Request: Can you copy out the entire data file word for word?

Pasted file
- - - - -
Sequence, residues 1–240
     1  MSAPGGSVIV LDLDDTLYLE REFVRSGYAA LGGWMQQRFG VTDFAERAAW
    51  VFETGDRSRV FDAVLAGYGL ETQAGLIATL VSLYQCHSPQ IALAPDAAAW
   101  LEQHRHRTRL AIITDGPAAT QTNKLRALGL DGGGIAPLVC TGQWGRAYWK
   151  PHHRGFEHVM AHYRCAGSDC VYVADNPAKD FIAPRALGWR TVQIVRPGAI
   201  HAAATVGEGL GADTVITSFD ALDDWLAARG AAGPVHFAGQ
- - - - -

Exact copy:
Sequence, residues 1–240
     1  MSAPGGSVIV LDLDDTLYLE REFVRSGYAA LGGWMQQRFG VTDFAERAAW
    51  VFETGDRSRV FDAVLAGYGL ETQAGLIATL VSLYQCHSPQ IALAPDAAAW
   101  LEQHRHRTRL AIITDGPAAT QTNKLRALGL DGGGIAPLVC TGQWGRAYWK
   151  PHHRGFEHVM AHYRCAGSDC VYVADNPAKD FIAPRALGWR TVQIVRPGAI
   201  HAAATVGEGL GADTVITSFD ALDDWLAARG AAGPVHFAGQ